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Portrait of Edith Beatty

Talk

Hybrid Talk: Edith Beatty as a Collector

GAEILGE |ENGLISH

Dr Jill Unkel, Curator of Western Collection, Chester Beatty

“[Edith] was a grand person and a wonderful judge of all works of art—manuscripts, paintings and furniture.”  —Chester Beatty

Originally from New York, Edith moved to London in 1913 when she married widower and mining engineer, Chester Beatty. She was a racehorse owner, as well as a collector of jewellery, furniture, manuscripts, paintings and objets d’art. Edith was especially noted for her collection of paintings by Impressionist, Post-Impressionist, Cubist and other Modernist artists. Edith and Chester had separate collections and different tastes, but they understood each other’s respective interests. She often acquired historic books in order to present them as gifts, memorialising them with inscriptions. Many of these mark significant occasions with her husband, such as birthdays, anniversaries or major holidays. To celebrate International Women’s Day, please join the Curator of Western Collections at the Chester Beatty as she explores the life, interests and collections of Edith Beatty—racehorse owner, collector and gift-giver extraordinaire—and her contribution to the Chester Beatty Collections.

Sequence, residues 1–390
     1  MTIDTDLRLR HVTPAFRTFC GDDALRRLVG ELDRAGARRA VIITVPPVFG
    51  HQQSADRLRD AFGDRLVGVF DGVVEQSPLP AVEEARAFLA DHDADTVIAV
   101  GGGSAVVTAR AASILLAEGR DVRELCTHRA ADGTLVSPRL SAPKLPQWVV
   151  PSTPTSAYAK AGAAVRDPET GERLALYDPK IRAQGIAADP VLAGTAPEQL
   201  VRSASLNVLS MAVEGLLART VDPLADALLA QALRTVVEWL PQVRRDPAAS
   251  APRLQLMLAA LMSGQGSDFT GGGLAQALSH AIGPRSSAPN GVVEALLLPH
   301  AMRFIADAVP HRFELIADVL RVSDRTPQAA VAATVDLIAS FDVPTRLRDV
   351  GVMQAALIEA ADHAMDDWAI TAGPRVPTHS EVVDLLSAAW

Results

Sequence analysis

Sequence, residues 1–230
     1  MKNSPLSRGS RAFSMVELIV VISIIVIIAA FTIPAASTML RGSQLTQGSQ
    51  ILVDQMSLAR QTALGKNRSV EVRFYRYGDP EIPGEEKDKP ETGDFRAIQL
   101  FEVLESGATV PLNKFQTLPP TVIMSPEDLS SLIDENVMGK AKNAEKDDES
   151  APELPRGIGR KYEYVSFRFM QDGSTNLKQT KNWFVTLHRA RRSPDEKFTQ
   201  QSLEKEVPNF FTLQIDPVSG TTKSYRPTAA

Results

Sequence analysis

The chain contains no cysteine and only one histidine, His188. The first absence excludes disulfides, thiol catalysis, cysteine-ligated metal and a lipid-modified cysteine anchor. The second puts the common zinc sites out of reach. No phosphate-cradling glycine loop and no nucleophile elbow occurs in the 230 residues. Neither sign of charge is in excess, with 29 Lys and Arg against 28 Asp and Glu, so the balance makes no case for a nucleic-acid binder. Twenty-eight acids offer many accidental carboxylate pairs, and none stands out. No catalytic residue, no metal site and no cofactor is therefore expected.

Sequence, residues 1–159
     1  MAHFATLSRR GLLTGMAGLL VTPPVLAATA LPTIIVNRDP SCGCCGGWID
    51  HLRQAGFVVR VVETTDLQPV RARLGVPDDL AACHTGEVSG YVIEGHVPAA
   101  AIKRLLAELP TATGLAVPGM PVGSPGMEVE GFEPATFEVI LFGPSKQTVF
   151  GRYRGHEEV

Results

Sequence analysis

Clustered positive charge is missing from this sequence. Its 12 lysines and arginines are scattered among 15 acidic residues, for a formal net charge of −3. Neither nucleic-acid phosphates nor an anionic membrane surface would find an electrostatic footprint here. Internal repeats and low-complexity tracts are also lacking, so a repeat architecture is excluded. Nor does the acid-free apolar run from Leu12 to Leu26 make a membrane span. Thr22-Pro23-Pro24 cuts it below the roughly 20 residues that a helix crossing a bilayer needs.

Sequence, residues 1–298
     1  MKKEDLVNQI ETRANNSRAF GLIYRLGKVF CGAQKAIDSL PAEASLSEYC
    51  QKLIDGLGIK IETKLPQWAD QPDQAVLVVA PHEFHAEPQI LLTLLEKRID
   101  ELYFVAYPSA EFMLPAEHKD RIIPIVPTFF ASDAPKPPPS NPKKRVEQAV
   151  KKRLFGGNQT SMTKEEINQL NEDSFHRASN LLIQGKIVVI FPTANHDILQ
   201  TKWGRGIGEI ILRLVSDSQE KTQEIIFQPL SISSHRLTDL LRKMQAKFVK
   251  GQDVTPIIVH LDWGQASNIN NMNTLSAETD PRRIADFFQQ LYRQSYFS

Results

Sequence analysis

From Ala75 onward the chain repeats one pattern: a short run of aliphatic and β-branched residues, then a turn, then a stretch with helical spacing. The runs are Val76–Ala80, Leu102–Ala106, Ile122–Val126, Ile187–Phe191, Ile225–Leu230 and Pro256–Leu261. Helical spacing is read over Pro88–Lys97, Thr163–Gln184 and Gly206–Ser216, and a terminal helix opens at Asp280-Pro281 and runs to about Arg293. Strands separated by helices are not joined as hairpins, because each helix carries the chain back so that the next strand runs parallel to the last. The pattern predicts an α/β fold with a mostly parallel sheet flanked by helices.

FREE Hybrid Talk: This lecture will be delivered in the lecture room. No booking required for onsite talk, please book to join us online HERE.

About the Speaker
Dr Jill Unkel is an art historian whose research interests include manuscript illumination, ecclesiastical architecture, the history of the book, and object histories. She has both an MPhil and PhD from the Department of Art and Architectural History at Trinity College Dublin. Dr Unkel joined the Chester Beatty in 2005 and was appointed Curator of Western Collections in 2013. Her exhibitions and catalogues include The Art Books of Henri Matisse (2011), Costume Parisiens: Fashion Plates 1912-1914 (2013–2014), Wicked Wit: Darly’s Comic Prints (2015–2016), Miniature Masterpiece: The Coëtivy Hours (2018) and First Fragments: Biblical Papyrus from Roman Egypt (2021–2022).